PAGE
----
Based on documentation that electron guns belong to a class or kind of electronic devices having a broad use in multiple types of thermionic, cold cathode or photocathode tubes, all provided for in heading 8540, counsel maintains that principle use of the electron guns under protest as parts of cathode-ray tubes has not been established. Citing various administrative rulings on the issue, counsel claims that the
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focus should not be on the particular product being imported, but on the class or kind of goods to which it belongs, which would make subheading 8540.99, HTSUS, the appropriate provision. Counsel’s rationale is that if the drafters of the HTSUS had intended that electron guns be classifiable in two different provisions, depending on whether for use in cathode-ray tubes or for other uses, they would have included an
8-digit breakout for electron guns under subheading 8540.91.
Assuming, without deciding, that counsel’s claim as to the drafters’ possible intent has some merit, the correct classification is nevertheless to be determined by the proper application of the GRIs. See Sea-Land Service, Inc. v. United States, 14 CIT 195 (1990). Under GRI 3, applied at the subheading level through GRI 6, where goods are, prima facie, classifiable under two or more subheadings, paragraph (a) instructs that they be classified in the subheading which provides the most specific description as opposed to subheadings providing a more general description. The comparison in this case is between subheadings at the same level, 8540.91, parts of cathode-ray tubes and 8540.99, other parts. Clearly, subheading 8540.91 provides a more narrow description of the goods under protest and has requirements that are the most difficult to satisfy. Subheading 8540.91 represents the correct classification for this merchandise.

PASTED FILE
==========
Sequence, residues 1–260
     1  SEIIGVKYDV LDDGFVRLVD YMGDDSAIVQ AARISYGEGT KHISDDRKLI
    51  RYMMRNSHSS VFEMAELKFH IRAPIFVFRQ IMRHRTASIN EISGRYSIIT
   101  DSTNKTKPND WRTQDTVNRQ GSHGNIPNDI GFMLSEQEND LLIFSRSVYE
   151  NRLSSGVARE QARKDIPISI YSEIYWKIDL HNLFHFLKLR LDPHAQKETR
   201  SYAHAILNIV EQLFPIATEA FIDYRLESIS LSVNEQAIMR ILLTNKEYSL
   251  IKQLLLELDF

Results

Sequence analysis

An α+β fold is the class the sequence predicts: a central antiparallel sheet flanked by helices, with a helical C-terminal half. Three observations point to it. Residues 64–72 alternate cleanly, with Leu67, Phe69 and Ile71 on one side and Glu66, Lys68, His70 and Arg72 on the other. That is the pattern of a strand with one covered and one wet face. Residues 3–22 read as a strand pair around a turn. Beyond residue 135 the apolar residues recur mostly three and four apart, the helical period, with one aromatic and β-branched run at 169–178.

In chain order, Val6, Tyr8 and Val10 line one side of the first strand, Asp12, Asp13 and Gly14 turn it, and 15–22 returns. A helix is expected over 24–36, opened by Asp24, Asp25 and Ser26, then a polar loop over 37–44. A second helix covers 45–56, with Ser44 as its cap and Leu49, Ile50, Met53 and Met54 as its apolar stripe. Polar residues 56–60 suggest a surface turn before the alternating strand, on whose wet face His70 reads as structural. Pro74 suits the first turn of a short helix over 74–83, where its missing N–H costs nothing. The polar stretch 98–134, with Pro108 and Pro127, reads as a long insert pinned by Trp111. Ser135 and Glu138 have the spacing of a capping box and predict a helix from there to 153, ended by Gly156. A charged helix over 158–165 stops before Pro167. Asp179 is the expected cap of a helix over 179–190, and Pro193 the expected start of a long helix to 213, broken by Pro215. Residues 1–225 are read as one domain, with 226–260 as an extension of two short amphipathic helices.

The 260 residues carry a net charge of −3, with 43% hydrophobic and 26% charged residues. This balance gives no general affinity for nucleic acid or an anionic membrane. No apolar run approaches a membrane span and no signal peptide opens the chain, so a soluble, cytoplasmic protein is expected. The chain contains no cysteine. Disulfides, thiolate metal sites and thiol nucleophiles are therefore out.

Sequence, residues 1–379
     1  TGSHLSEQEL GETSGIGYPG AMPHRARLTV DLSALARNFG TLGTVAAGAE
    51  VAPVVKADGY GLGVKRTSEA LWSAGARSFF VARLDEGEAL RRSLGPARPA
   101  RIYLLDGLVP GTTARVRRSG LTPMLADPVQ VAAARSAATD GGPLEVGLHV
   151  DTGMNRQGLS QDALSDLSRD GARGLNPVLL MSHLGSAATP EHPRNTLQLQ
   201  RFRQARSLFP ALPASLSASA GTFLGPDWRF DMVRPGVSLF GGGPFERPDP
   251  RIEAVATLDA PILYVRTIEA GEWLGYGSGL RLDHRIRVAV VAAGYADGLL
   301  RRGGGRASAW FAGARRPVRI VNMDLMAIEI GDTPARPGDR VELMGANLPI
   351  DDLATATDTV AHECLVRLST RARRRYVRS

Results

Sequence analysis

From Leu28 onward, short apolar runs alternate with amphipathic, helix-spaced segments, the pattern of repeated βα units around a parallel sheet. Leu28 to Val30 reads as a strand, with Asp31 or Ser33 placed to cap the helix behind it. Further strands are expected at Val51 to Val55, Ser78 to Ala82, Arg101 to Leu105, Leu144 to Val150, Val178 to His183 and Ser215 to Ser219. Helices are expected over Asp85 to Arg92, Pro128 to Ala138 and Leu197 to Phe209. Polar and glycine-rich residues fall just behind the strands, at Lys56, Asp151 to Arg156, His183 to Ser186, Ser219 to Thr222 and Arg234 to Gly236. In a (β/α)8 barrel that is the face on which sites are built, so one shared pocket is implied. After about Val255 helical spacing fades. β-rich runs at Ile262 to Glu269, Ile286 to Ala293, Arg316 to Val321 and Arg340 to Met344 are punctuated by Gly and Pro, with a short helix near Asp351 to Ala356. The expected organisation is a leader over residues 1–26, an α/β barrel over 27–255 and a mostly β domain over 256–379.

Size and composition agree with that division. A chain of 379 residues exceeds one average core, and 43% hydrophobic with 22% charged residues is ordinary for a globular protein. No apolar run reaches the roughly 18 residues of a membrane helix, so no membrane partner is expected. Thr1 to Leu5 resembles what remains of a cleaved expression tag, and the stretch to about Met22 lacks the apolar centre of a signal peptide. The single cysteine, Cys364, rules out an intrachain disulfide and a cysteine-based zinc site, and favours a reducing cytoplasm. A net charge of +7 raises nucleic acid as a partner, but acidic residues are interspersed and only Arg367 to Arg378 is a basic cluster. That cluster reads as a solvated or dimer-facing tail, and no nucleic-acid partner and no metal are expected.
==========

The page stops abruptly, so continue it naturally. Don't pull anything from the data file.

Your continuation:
Counsel’s alternative claim is that under 19 U.S.C. 1625(c) a “treatment” has been established under subheading 8540.99.40, HTSUS, that action on this protest contrary to the claim(s) made by Hitachi would have the effect of modifying this treatment, and requires compliance with the publication and public comment requirements of the statute and section 177.12(c), CBP Regulations. Subparagraphs1(i) and (ii) of paragraph (c) set forth the rules for determining under the section whether a treatment was previously accorded by CBP to a person’s substantially identical transactions. Among these is proof of an actual determination by a CBP officer regarding the facts and issues involved in the claimed treatment, with that officer having responsibility for the subject matter on which the determination was made. Also required is proof that over a 2-year period immediately preceding the claim of treatment CBP consistently applied that determination on a national basis as reflected, among other things, in liquidations of entries made by the person on who’s behalf treatment is claimed. CBP shall determine whether the claimed treatment occurred on a case-by-case basis and will involve an assessment of all relevant factors. In this regard, CBP will give diminished weight to transactions involving small quantities or values, and no weight whatsoever to informal entries and to other entries or transactions which CBP, in the interest of commercial facilitation and accommodation, processes expeditiously and without examination or Customs officer review.